Ehlers-Danlos syndrome: Living with a genetic rarity
Imagine not being able to pick up a pencil without your fingers hurting.
Sending a letter, doing a crossword puzzle, these are just a few of the simple tasks that trigger pain in your joints on a regular basis.
This can be a reality people with Ehlers-Danlos syndrome face every day. Except that this pain often is felt from head to toe and can be debilitating. What’s more, Ehlers-Danlos also causes especially thin skin that can bruise and tear easily, leading to wounds that have trouble healing.
Those with Ehlers-Danlos have an inherited, genetic defect in their connective tissue, making their skin fragile and their joints unusually flexible. According to the Ehlers-Danlos National Foundation (EDNF), an international nonprofit dedicated to supporting people living with the condition, between 1 in 2,500 and 1 in 5,000 individuals are diagnosed with some form of this syndrome.
There are six types of Ehlers-Danlos (also called EDS), with the Vascular Type being the most serious due to the possibility of arterial or organ rupture. Symptoms common to all types of Ehlers-Danlos can vary in severity, but most often include (as described by the Mayo Clinic):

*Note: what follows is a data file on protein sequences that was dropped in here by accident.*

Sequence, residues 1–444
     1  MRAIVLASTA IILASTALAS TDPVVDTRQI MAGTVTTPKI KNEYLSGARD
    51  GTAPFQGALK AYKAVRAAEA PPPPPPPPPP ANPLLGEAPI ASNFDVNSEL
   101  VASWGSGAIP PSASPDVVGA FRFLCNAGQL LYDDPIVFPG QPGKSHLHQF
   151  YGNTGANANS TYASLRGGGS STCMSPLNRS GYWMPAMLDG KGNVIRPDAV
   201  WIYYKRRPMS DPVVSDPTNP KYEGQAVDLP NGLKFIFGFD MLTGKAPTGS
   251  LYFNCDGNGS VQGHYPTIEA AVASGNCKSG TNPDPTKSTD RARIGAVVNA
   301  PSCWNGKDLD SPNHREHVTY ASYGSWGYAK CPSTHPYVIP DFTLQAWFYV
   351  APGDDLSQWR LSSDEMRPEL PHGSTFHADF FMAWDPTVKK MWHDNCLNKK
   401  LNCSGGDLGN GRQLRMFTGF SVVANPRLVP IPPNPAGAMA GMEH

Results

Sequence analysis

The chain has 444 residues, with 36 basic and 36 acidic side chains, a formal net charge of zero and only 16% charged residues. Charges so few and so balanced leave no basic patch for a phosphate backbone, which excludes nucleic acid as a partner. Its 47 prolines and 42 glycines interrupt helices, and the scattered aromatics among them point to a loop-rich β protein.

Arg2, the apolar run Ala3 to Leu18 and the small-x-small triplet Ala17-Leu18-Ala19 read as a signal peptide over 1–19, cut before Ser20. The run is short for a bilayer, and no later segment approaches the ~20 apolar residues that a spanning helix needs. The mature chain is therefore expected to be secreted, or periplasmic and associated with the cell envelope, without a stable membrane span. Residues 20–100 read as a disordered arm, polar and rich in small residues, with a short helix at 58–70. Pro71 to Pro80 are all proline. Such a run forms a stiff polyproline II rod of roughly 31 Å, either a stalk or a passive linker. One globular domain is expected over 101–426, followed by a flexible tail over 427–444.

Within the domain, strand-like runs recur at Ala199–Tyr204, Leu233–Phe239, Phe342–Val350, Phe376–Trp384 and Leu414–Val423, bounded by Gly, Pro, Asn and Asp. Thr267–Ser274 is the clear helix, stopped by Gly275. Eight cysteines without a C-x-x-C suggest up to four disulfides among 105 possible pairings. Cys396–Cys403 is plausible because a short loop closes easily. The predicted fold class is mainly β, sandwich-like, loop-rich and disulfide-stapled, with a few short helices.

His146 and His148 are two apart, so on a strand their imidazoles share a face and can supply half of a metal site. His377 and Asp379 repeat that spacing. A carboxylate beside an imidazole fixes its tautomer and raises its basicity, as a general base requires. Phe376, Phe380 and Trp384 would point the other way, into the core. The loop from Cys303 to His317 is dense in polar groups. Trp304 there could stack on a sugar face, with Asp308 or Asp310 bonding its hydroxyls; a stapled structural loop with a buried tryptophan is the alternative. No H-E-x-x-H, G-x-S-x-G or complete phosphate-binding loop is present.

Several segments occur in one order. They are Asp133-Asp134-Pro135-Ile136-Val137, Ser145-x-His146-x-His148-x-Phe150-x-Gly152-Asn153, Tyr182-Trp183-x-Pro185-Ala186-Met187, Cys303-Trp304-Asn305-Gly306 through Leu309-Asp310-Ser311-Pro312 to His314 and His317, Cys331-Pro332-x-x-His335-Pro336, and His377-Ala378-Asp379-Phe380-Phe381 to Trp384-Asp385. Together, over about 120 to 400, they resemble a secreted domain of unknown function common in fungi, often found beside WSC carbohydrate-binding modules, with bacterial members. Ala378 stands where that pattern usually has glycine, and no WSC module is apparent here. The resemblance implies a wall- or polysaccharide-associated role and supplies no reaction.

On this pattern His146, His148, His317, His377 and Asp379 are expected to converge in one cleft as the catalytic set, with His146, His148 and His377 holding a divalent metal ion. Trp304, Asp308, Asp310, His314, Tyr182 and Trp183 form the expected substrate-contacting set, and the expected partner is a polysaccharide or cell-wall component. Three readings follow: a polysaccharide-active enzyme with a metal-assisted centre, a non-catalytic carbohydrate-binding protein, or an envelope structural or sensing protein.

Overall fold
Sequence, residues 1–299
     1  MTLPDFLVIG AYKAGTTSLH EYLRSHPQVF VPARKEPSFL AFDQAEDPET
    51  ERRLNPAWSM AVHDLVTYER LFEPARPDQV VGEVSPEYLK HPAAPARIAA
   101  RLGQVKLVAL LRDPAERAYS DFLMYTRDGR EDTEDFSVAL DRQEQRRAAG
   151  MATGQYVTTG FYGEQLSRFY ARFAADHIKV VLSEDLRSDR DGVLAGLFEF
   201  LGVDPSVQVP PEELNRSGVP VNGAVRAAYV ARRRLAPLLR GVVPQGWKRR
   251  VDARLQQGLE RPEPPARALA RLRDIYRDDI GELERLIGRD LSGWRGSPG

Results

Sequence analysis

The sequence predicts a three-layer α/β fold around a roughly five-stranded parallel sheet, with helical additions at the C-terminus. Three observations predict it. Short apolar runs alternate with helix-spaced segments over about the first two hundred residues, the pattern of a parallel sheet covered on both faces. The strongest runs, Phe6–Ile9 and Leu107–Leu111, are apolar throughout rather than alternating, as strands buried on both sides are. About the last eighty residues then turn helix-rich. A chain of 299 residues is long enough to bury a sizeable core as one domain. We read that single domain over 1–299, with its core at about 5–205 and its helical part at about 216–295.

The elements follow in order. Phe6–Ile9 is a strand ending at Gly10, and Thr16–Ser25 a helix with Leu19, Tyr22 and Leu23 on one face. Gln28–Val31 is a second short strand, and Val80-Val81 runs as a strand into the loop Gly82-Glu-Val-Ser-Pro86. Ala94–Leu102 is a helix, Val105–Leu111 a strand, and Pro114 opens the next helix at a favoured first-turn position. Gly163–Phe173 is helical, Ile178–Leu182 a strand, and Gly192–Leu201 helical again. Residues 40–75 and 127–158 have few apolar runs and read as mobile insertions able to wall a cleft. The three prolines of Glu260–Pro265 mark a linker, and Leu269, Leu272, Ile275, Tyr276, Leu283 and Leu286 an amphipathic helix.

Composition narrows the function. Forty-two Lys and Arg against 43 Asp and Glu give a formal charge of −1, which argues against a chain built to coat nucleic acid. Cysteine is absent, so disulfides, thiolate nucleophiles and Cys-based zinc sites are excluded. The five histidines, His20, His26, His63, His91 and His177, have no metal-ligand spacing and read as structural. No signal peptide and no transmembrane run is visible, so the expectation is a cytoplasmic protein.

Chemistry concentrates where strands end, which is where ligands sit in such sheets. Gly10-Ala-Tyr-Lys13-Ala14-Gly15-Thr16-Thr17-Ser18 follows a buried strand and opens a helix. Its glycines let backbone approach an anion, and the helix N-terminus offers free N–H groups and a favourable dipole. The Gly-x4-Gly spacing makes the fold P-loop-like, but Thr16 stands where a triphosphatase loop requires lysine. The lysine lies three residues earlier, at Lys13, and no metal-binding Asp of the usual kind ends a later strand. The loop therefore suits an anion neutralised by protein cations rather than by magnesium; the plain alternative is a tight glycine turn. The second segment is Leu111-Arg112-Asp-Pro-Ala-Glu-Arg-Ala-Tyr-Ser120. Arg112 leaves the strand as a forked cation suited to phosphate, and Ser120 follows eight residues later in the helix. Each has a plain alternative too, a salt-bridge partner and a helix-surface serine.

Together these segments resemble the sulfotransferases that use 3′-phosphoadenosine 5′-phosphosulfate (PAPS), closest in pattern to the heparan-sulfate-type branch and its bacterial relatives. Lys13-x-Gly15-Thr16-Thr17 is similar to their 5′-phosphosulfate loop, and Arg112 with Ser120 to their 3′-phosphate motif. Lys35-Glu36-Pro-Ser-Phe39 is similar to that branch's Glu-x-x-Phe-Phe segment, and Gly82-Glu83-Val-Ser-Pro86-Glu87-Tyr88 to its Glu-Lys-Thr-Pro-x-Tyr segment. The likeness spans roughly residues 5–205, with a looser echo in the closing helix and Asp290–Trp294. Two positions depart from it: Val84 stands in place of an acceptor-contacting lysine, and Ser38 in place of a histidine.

- Overly flexible joints: Because the connective tissue that holds joints together is looser, joints can move far past the normal range of motion. Small joints are affected more than large joints. Unstable joints are problematic as they can result in more sprains, dislocations or hyperextensions.
- Stretchy skin: Weakened connective tissue allows the skin to stretch much more than usual. The skin might also feel exceptionally soft and velvety.
- Fragile skin: Damaged skin often doesn't heal well. For example, the stitches used to close a wound often will tear out and leave a gaping scar. These scars may look thin and crinkly.
- Fatty lumps at pressure points: These small, harmless growths can occur around the knees or elbows and may show up on X-rays.
Ehlers-Danlos can have a huge impact on the lives of those afflicted with it. The majority of those with the condition suffer from chronic joint pain caused by joint hypermobility. Individual stories from the Ehlers-Danlos community also tell of pain in the back, hands, abdomen and many places in the body at once. Even simple tasks, such as holding a pencil, can hurt.
Patients with conditions like Ehlers-Danlos that require chronic pain management are good candidates for pharmacogenetic testing. The risks and benefits of many pain medications can vary widely from person to person, due in part to genetic differences in how individuals process medications.
Pharmacogenetic testing can help physicians know which pain medications will be the safest and most effective with little to no trial-and-error prescribing, thus vastly improving patient experiences with these medications.
While there is no cure for EDS, there is hope. The EDNF, for example, is a treasure trove of resources for those with the condition, offering access to patient support groups and an annual conference designed to bring the community together. The EDNF has also spent more than $140,000 for research related to the early detection, diagnosis and treatment of those with Ehlers-Danlos.
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